Today I’m delighted to welcome author Doug Johnstone to the CTG blog as part of his blog tour marking the launch of his new thriller THE JUMP.

And so, to the questions …

Your latest book – THE JUMP – is out this month, can you tell us a bit about it?

The book is all about Ellie, a woman in her forties who is struggling after the suicide of her teenage son six months ago. Her son jumped off the Forth Road Bridge near their house in South Queensferry, and the story opens with her finding another teenage boy on the bridge about to jump. She sees a chance at redemption for what she thinks are her failings as a mother, but in reality she gets sucked into a whole new nightmare that threatens everyone around her.

I’ve been skirting around the issue of suicide for a long time in my writing, and this book feels like a culmination of that obsession. I wanted to write about the loss and lack of resolution for those left behind by suicide, how there are no easy answers, but I wanted to embed that in a thriller storyline. Hopefully The Jump manages to pull that off, but I guess readers will have to decide for themselves. Although Ellie does some terrible things, I think she’s the most sympathetic central character I’ve had in a book, and hopefully, if I’ve done my job, the reader will care about what happens to her and those around her.

How did you get into writing thrillers – what was it about the genre that attracted you?

I kind of fell into it really. My first two books were less obviously thriller-ish, though they were marketed as crime books by the publisher. I’ve always read thrillers and crime, in fact, I never really thought about the distinction between any genres of book when I was reading and then also when I first started writing. All good books have conflict at their core, and more often than not that involves criminal activity.

I suppose I write domestic noir, if you want to define it, thrillers about ordinary people like you or me getting sucked into horrible, extraordinary, tragic situations. Hopefully the reader then wonders what they would do in a similar situation. I’ve always been interested in how ordinary folk act under extreme pressure – we all like to think we’d do the ‘right’ thing, but morality is never black and white, and I have a lot of sympathy for people doing wrong things in seemingly impossible circumstances. So that’s what I write about.

Can you tell us a bit about your writing process – do you plot everything out first or dive right in?

I’m somewhere in between. I like to be pretty organized before I begin the first draft, but I don’t have everything nailed down in terms of plot. I usually have a pretty clear idea about the opening few scenes, and the same goes for the final few chapters, but I deliberately leave a little bit of a grey area in the middle to get to where I’m going to. So much of the story depends on the characters and how they react to the crap you’re throwing at them, you have to leave a little wriggle room there. Plot ultimately stems from character, so if I need to change ideas about what happens because of the way the book is progressing, then I’m happy to do that.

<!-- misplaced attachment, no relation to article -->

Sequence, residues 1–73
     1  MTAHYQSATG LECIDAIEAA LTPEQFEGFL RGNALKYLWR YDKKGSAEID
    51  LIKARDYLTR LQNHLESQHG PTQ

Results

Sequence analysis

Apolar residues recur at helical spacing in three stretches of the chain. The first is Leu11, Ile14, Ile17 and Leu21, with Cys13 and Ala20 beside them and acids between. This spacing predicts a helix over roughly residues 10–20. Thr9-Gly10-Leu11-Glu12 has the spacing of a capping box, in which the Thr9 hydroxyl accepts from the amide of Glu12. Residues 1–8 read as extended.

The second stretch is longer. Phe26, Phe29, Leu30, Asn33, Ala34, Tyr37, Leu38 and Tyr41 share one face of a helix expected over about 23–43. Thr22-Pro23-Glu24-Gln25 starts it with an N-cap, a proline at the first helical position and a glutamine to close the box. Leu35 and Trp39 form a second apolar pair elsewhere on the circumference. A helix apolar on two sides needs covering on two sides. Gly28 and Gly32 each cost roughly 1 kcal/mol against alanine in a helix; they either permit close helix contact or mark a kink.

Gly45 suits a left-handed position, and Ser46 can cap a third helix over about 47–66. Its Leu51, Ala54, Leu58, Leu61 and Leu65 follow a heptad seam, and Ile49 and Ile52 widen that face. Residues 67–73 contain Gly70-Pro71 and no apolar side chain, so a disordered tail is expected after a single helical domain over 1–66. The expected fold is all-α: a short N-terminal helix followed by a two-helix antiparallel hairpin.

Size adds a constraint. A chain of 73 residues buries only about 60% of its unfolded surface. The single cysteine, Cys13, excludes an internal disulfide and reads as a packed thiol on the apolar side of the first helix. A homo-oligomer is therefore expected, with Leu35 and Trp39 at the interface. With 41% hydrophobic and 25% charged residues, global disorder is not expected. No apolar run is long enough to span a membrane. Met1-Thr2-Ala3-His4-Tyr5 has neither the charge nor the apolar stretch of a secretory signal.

What advice would you give a writer aspiring to publication?

It’s kind of banal advice, but just keep at it. Getting published can feel like a war of attrition sometimes, like you’re banging your head against a brick wall, but you just have to keep plugging away at it. Keep reading all the time, even the rubbish books teach you something and act as inspiration to write better. And keep writing all the time, you get better and better at it without even noticing sometimes.

It’s good to be clued up about the industry, but writers should never try to chase whatever they think the next big trend is going to be. For one thing, that bandwagon will be long gone before you can get on it, but more importantly, you’ll be writing something that isn’t true to yourself. Write the story you want to read, write it as well as you can, and eventually, hopefully, people will notice. Don’t be disheartened!

And, finally, what does the rest of 2015 have in store for you?

I’m currently re-drafting the next novel, a kind of femme fatale thing set in Orkney that starts with a plane crash and gets nastier. I’ve still got a fair bit to do on that, so that’ll take me to the autumn, then I usually spend a month or two working on new ideas before I settle down to the next book. I have a few kicking around at the back of my mind, but I try not to think about it while I’m still working on something. Apart from that, two of my books are optioned for film and television, so hopefully there will be some movement there, and I also work part-time at Queen Margaret University as a literary fellow. Plus I’m looking after my two young kids, so plenty to be getting on with!

Massive thanks to Doug Johnson for stopping by to chat about his latest book THE JUMP and tell us about his writing process.

THE JUMP is out now. Here’s the blurb: “You can do anything, if you have nothing left to lose. Struggling to come to terms with the suicide of her teenage son, Ellie lives in the shadows of the Forth Road Bridge, lingering on its footpaths and swimming in the waters below. One day she talks down another suicidal teenager, Sam, and sees for herself a shot at redemption, the chance to atone for her son’s death. But even with the best intentions, she can’t foresee the situation she’s falling headlong into – a troubled family, with some very dark secrets of its own.”